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Electric Six - O2 Academy Islington, London - December 5 2014 (Live Review)

Monday, 08 December 2014 Written by Alec Chillingworth

Photo (Inset): Frank Nash

It's that time of year again: some supermarket is exploiting our emotions through a Christmas advert and Electric Six are touring. Year in, year out they drag their sordid arses to our tiny isle, flogging a new (often excellent) album and reminding us that there is, in fact, a fire in the disco. And the Taco Bell.

Doors open at the confusingly early hour of 6pm, leaving LiA playing to a meagre crowd. They happen to be ace, though, and their synth-drenched rock occupies the middle-ground between the Prodigy and some of the, er, less good hip-hop that's shoved in our ears on daytime radio.

Rapper Sky Adams' confident, competent flow juxtaposes perfectly with Laura O'Connell's gorgeous melodies, especially during the band's arse-kicking medley of Dido's Thank You and Plan B's Pieces. A full wall of instrumentation makes for an undeniably massive sound, delivered with plenty of unkempt energy.

And then we have Andy D, who carves his name into the minds of all in attendance. What happens after he hits the stage is a little like a sexy, infinitely more awesome version of the Future Sailors sketch in The Mighty Boosh.

Our moustachioed hero takes the stage, man boobs on display and furiously jiggling his arse, and serves up a blend of Mindless Self Indulgence-meets-Kunt And The Gang techno filth. His wife stands impervious on stage with him, crooning along to Nasty – allegedly the song that will 'make marriage sexy again' – and all manner of sonic atrocities.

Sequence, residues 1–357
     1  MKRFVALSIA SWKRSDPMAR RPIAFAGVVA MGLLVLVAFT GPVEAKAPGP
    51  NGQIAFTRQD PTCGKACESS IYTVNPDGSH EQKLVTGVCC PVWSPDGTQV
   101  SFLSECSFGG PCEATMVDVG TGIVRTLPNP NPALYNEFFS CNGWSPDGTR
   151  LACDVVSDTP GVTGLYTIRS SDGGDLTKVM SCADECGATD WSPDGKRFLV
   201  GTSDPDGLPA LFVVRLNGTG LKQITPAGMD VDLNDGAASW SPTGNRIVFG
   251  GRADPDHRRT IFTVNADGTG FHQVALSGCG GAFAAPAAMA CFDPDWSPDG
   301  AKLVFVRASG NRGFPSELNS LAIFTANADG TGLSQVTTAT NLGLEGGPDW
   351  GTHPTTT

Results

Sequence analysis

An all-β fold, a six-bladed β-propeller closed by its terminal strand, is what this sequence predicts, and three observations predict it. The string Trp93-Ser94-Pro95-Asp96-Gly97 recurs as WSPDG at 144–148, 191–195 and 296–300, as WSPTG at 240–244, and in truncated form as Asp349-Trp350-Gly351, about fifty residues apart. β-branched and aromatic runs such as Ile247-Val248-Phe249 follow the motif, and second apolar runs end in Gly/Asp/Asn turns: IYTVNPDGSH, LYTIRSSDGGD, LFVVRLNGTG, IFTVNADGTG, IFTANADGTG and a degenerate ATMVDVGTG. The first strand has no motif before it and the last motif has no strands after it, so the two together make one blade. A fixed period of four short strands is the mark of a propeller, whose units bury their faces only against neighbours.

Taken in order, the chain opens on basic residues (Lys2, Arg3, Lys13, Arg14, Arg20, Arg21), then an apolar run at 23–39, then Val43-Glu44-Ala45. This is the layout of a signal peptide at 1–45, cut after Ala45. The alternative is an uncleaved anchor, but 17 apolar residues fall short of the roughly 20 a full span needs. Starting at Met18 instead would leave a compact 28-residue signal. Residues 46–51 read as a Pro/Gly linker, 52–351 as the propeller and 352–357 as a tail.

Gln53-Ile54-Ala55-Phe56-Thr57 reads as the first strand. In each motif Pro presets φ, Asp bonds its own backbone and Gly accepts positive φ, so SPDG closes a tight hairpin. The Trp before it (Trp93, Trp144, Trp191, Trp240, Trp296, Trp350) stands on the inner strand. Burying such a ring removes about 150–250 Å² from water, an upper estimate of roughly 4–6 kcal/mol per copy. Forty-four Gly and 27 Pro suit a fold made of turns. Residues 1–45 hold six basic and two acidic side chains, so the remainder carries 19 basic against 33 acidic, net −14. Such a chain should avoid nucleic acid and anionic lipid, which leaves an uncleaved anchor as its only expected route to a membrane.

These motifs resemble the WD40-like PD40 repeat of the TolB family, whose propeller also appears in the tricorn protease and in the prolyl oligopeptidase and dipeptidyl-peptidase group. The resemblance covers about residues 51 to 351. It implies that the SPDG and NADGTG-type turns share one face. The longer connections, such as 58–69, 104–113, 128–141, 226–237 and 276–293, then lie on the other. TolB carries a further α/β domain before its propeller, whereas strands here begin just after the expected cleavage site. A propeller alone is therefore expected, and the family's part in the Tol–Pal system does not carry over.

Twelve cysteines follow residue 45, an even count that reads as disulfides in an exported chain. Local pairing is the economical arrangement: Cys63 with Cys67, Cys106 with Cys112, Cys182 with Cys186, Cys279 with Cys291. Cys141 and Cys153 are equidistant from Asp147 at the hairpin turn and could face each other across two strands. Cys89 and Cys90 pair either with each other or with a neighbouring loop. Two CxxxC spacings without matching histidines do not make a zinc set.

We're treated to an educational song about Roosevelt, an unbelievably catchy tune in the form of Angels On The Dancefloor and a crowd invasion from the man himself. Bring Me The Horizon are headlining a sold out Wembley Arena across town tonight, but that just means that a few thousand people are missing out on the best thing in the world. Ever.

Andy D may be the best thing in the world, but tonight Electric Six are the masters of the universe. Looking sharper than a samurai sword coated in shards of glass and rusty nails, the Detroit rockers are welcomed as returning heroes. Dick Valentine stands at the front, hair slicked back a la Danger! High Voltage and with a grin plastered across his chops.

The ‘80s stomp of Karate Lips sets the ball rolling, proving once again that this band is no mere novelty. The song, along with others from their latest LP, 'Human Zoo', is testament to the Six's songwriting prowess. (Who The Hell Just) Call My Phone? is another genuine highlight, resulting in the vertical movement of writhing, sweaty bodies.

Electric Six are tight, hard-slogging players. Gay Bar is gone within six songs and the only complaint is that, with 10 albums to choose from, cuts have to be made. Only After Hours is aired from 'Zodiac' and there's barely anything from 'Flashy', but when they're blasting out Danger! High Voltage through gritted teeth like they haven't done it in years, should we really care?

Valentine is on blistering form, replicating his vocals from the records, freezing during guitar solos, shouting 'Yes!' an awful lot and generally making everyone in attendance want to be him. As Dance Commander's militaristic disco folds everything to a close, bodies bash against one another and Electric Six complete another self-proclaimed 'wildly successful' gig. This band is no one-hit wonder and it's about time people realised it – everyone here does.





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